Pedestrians can see the reflection of a light in an overhead mirror before they see the reflection of a lift truck.  Also, at blind corners, inter-sections and doorways, a light may be seen shining off walls/boxes/racks even before a lift truck can be seen.
Lift truck operators must be told that at all blind corners, doorways, inter-sections and when they make a turn that:  they must slow down to a yield speed, sound their horn and yield right-of-way.
Back up alarms must be audible over any background noise.  The loudest I've seen is 120Db.  In a noisy application, make sure you have the loudest back up alarm available and it's located for maximum sound (not under an engine or battery hood as example).
For forward travel, you can purchase a bell alarm that attaches to the wheel assembly.  Each revolution creates a bell - the faster the lift truck is going, the more "bells" that go off.
Pedestrian safety garments:  lift truck drivers that hit a pedestrian usually say, "I didn't see him or, I didn't see him in time."  Consider safety garments, i.e. vests or something else.  There is a relatively new standard in the U.S. and one in Canada as well with different classifications for different applications.
Pedestrian sidewalks painted on the floor keep pedestrians in a certain area and not all over.  Drivers stay off the "sidewalks" and.....some Companies paint 2 lines on the floor to designate a lift truck highway so, all said and done, you have a separate area for lift trucks and pedestrians to eliminate or reduce collisions.
Yield or Stop Lines painted on the floor can also remind lift trucks and pedestrians to yield at a blind area.
These are just a few of the ideas to respond to your inquiry.  Hope they may help.
Garry Prosser

Posted 4 Nov 2004 08:14 PM Reply  Report this message
Ohio, United States

Advanced technology may be your answer.  These new products can deliver warnings only when really needed. Check them out- ForkAlert.  A link is triple w dot   Hope this is helpful.  


Posted 5 Nov 2004 03:17 AM Reply  Report this message
England, United Kingdom
In view of the high ambient noise levels and general nuisance of permanently on bleepers, the preference should be for fixed wall mirrors, strobe lights and lane markings.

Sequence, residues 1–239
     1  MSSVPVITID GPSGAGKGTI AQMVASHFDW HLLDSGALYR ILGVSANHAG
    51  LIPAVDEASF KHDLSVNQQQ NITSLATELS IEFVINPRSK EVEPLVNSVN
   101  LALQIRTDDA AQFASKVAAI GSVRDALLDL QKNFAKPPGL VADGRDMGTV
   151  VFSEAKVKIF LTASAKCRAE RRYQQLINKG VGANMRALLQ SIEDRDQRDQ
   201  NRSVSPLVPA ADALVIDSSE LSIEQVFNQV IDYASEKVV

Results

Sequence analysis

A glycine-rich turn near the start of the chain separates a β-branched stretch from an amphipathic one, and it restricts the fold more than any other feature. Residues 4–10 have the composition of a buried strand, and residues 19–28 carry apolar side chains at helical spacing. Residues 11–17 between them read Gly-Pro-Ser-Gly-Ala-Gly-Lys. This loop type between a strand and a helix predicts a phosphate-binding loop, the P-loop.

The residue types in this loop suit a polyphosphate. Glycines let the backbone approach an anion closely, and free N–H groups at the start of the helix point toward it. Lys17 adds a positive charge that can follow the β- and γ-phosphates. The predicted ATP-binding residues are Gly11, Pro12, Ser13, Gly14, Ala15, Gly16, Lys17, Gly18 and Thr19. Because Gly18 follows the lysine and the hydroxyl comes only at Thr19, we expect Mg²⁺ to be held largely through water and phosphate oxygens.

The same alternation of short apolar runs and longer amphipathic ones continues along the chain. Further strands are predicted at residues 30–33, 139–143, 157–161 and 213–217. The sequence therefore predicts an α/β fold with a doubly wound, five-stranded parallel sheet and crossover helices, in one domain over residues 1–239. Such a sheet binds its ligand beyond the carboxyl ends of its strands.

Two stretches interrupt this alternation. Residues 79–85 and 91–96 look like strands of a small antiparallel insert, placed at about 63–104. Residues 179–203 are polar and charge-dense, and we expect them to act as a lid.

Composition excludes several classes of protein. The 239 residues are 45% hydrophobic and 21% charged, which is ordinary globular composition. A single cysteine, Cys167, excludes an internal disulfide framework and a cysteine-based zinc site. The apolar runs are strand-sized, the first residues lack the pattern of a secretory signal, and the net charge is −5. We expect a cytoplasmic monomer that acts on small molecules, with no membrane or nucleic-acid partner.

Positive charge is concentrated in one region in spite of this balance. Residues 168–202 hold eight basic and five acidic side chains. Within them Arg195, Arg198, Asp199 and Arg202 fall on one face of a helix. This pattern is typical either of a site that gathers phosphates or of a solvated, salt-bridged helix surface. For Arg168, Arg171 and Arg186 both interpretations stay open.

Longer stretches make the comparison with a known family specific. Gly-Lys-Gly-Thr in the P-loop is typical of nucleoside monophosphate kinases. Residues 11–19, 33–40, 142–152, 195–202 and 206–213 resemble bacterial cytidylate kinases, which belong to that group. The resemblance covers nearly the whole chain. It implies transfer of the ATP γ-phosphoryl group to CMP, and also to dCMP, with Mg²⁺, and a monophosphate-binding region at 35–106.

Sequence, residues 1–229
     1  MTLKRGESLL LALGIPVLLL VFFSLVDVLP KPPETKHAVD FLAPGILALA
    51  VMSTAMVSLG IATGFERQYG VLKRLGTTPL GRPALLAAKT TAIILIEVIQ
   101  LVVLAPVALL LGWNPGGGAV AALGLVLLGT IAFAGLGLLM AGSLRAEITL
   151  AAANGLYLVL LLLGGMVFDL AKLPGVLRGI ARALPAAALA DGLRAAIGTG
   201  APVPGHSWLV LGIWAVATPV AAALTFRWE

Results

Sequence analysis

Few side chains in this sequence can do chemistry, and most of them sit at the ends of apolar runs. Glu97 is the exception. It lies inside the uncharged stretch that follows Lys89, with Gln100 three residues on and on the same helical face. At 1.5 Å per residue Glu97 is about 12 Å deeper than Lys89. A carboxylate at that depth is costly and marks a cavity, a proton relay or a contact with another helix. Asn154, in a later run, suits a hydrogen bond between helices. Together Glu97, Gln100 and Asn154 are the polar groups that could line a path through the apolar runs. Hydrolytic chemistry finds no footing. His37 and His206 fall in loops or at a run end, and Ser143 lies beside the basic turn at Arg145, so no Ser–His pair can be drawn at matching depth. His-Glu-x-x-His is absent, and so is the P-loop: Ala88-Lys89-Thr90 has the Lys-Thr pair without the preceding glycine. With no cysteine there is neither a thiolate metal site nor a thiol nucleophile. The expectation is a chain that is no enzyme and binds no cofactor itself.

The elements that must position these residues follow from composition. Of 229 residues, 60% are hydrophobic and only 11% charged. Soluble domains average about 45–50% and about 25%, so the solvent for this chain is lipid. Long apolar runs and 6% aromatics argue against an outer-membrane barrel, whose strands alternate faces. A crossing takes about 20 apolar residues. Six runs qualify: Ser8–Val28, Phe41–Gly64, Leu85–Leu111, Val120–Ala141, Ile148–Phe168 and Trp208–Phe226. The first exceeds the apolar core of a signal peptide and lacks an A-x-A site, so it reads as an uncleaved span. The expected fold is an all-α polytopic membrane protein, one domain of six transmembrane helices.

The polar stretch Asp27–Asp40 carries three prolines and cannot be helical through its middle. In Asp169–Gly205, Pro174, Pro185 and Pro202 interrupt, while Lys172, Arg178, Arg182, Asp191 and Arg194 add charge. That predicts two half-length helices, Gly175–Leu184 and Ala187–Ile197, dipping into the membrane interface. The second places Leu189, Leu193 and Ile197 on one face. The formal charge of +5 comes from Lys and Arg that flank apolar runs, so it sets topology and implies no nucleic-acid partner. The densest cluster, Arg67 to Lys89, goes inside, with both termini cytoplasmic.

All are reliable and inexpensive.

"Clever" ideas fail when the equipment fails and production must go on!!

Posted 11 Feb 2005 02:56 AM Reply  Report this message
Pennsylvania, United States
Procedures, procedures, procedures!! You need clearly defined written procedures acounting for all interested parties.

Operator procedures, do's and don'ts, including horn use, visibility/obstructions, blind spots, verifying clear travel, travel speed, slowing down, stopping as required.

Pedestrian procedures, dedicated walkways, restricted areas, hazards of lift truck traffic. Train everybody on procedures. Enforce, enforce, enforce!!

Lights and alarms may be more than a nuisance. They may create another hazard if improperly applied. I detest "back-up" alarms on forklifts. Dump truck, ok, forklift, not! They beep in the wrong direction. If you add a travel alarm, have it beep in the "forks first" direction, which is the direction with obstructed view, and it will encourage travel in "forks following" direction, which provides the best view. Which direction was operator traveling when pedestrian was struck? Loaded or empty?

Establish dedicated pedestrian walkways, and restrict pedestrian traffic in areas where they have no business. When a forklift operator has to stop for a pedestrian, workflow and procuctivity is obstructed, affecting bottom line numbers. Don't want that, do you? Concave mirrors are very effective when all employees are trained, and required to use them. Remember, if you require it, you must enforce it, or it's not required.

Nothing is idiot-proof to a motivated idiot.

Posted 18 Feb 2005 00:33 AM Reply  Report this message
Ohio, United States

Interesting thinking!

To answer your question, the empty lift truck was going forward

Posted 19 Feb 2005 04:20 AM Reply  Report this message
Ohio, United States
Hey Doug, sorry to hear of your misfortunes in the workplace with the forklift accidents.  There is a product available that has been tested to decrease this exact problem.  To view all their products go to alertsafetyproductscom ....check out their action videos to actually see how the products works.  You can call 8007834290 for further assistance

Modified 19 Feb 2005 04:45 AM
by poster.
Reply  Report this message
Pennsylvania, United States

Forward I will assume means "forks leading" or "forks first". Sit-down Rider Truck or Stand-up Rider? How big is the truck (capacity)? Just wondering.


Posted 25 Feb 2005 09:21 AM Reply  Report this message
Ohio, United States

You assume correctly.  In adddition, it is a sit down truck and is quite large.


Posted 26 Feb 2005 04:11 AM Reply  Report this message